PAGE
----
2.2.2 Policy Framework (policy) bof

Current Meeting Report


Minute-takers: John Strassner and Ed Ellesson
Time: Chicago IETF: Monday, 24 August, 7:30 - 10:00pm

Introduction - Ed Ellesson
Ed provided an overview for starting up a working group and what this BOF will cover.
The objectives are:

- to scope out the problem space, make sure we understand it
- outline the solution architecture, make sure it's one we can all live with
- outline what work items need to be addressed
- assess interest in a common policy representation
- figure out where we go from here.

The objective is to define a common hierarchical name space for policy management
and administration, intended to serve as a logically centralized policy repository for a
single domain that could be physically distributed, and progress this to a logically
centralized policy repository that coordinates the definitions and actions of its separate
policy repositories. A set of RFCs aimed at the Standards track will be produced, with
supporting Informational RFCs (e.g., Schema Guidelines) as necessary.

It should also be noted that Schema Registration is not enough. The process of Schema
Registration simply ensures that the schema is registered - it does nothing to ensure
that multiple schemata can interoperate. An important goal of this WG is to define
interoperability of policy through interoperable schemata.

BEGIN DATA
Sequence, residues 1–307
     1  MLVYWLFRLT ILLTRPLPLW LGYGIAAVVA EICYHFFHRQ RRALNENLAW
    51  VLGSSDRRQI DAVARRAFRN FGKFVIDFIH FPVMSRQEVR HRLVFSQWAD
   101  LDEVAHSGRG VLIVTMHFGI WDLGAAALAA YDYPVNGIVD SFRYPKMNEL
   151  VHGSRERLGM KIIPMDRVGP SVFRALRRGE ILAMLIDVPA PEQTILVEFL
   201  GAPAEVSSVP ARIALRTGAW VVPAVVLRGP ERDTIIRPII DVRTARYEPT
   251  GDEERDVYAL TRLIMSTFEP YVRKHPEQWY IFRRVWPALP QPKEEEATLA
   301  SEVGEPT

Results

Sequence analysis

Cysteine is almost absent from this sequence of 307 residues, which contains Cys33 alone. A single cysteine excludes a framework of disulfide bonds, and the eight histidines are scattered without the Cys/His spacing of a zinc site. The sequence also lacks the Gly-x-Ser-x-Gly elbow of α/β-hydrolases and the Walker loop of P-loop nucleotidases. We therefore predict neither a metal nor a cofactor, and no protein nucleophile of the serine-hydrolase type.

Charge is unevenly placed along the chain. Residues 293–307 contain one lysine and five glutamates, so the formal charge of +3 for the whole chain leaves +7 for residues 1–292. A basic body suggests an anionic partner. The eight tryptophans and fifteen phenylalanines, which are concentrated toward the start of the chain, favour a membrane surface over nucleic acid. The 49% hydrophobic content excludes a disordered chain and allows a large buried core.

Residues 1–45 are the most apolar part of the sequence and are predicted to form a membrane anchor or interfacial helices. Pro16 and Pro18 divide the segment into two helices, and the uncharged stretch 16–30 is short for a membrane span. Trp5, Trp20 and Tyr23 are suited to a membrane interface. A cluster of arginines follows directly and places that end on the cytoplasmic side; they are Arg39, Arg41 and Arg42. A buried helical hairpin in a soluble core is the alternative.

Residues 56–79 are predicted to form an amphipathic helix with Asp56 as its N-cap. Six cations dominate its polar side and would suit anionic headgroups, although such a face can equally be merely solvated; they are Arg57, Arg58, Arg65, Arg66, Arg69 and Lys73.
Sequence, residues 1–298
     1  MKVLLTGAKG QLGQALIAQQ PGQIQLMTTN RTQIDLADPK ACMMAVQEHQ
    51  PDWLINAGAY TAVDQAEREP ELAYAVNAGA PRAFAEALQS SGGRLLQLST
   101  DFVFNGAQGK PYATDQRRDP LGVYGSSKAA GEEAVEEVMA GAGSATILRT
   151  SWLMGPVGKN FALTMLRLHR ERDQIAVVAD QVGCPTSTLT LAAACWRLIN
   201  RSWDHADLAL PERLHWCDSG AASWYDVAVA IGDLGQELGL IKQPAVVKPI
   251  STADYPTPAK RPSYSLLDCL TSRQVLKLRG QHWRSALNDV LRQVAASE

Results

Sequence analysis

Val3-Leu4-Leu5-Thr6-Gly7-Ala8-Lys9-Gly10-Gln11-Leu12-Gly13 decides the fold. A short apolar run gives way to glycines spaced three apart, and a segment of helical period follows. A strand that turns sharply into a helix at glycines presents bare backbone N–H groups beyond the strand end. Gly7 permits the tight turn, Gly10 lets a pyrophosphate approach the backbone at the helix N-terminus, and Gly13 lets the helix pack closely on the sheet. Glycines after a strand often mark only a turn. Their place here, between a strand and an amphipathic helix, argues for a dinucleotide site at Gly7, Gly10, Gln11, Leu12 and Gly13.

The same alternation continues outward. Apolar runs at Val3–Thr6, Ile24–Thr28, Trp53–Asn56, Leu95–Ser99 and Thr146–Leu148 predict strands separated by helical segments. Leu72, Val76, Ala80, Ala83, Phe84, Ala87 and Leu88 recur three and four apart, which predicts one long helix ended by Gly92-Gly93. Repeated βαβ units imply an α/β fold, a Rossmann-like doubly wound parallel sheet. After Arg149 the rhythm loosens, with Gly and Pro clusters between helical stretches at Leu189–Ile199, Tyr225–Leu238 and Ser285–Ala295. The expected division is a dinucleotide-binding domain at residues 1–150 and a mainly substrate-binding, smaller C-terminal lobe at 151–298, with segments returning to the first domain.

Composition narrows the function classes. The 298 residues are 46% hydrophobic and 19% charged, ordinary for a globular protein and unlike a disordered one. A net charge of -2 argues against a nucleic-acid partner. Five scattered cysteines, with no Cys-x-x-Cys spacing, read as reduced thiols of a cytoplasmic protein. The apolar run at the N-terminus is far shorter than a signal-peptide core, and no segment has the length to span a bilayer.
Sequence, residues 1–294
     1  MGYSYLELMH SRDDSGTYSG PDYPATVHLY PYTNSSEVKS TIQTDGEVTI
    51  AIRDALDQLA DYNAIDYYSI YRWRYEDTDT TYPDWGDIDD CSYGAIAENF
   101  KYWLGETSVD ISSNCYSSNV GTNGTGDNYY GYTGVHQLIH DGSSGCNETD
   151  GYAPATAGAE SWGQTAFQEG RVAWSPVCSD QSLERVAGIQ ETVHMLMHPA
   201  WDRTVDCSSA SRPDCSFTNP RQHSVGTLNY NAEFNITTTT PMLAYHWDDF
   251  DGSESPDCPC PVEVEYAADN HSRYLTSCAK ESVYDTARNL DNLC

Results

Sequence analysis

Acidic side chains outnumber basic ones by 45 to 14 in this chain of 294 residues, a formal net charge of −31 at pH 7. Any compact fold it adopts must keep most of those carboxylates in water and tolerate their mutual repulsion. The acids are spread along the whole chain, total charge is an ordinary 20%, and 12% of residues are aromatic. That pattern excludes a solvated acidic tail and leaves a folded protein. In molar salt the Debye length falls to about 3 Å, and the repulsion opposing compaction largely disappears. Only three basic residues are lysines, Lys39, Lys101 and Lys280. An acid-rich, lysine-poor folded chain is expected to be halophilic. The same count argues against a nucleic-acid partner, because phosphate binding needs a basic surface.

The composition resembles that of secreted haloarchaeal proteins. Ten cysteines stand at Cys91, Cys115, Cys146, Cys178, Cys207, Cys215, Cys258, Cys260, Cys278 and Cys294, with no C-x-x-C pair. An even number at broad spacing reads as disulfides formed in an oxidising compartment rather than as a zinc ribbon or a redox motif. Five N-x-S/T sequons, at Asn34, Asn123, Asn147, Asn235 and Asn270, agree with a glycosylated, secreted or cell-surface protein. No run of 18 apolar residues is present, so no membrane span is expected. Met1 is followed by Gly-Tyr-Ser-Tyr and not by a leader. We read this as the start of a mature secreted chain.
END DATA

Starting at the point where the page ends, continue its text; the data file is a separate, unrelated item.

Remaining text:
Work has already began in several areas. Two drafts capturing foundational work are
the architectural framework and terminology drafts. These drafts help establish a
common view of the problem space and its architectural solution. Several schema
drafts have been created and documented in the form of Internet Drafts in various
WGs. Examples include:

- QOS Service Level Agreements (DiffServ and RSVP/IntServ)
(intended for this WG)
- VPN IPSEC (the IPSEC WG wants to keep ownership of this)
- RADIUS (undecided which WG will own this)
- DHCP (undecided which WG will own this)

All of these schemata need standardization, not just registration. They also need
definition within a common name space, and security support. If the IETF does not
form a Policy Framework WG, then the following are IETF process alternatives:

- form a separate working group formed for each schema definition
- define schema within each protocol working group
- define a common working group for all schemas
- leave it to another standards organization

None of these seem to be suitable alternatives. Note that at the end of the meeting,
there was consensus that this BOF turn into a WG.

Goals and Objectives - Fred Baker
Network Management - origins of this have been particularly successful in monitoring
information. There has been a succession of protocols to replace SNMP - they have
been different, but not better. Therefore, they haven't been allowed to proceed along
the standards track. So if you think of distribution of policy, this is in reality a different
type of network management. The IESG is going to allow this to go forward on a
standards track, but will be watching this very closely. They're concerned about the
potential lack of focus that could develop. Fred describes a need for a schema that will
allow a Service Provider to set up a set of policies in some well-defined way. The
thing that the policy is controlling hits a PEP, which in turn asks a PDP what it should
do. The PDP is going to talk to a database (e.g., policy repository) to get an answer.

(Note: the following paragraph is critical to the development of the Charter for this
group. Since several questions have already been asked about the relationship of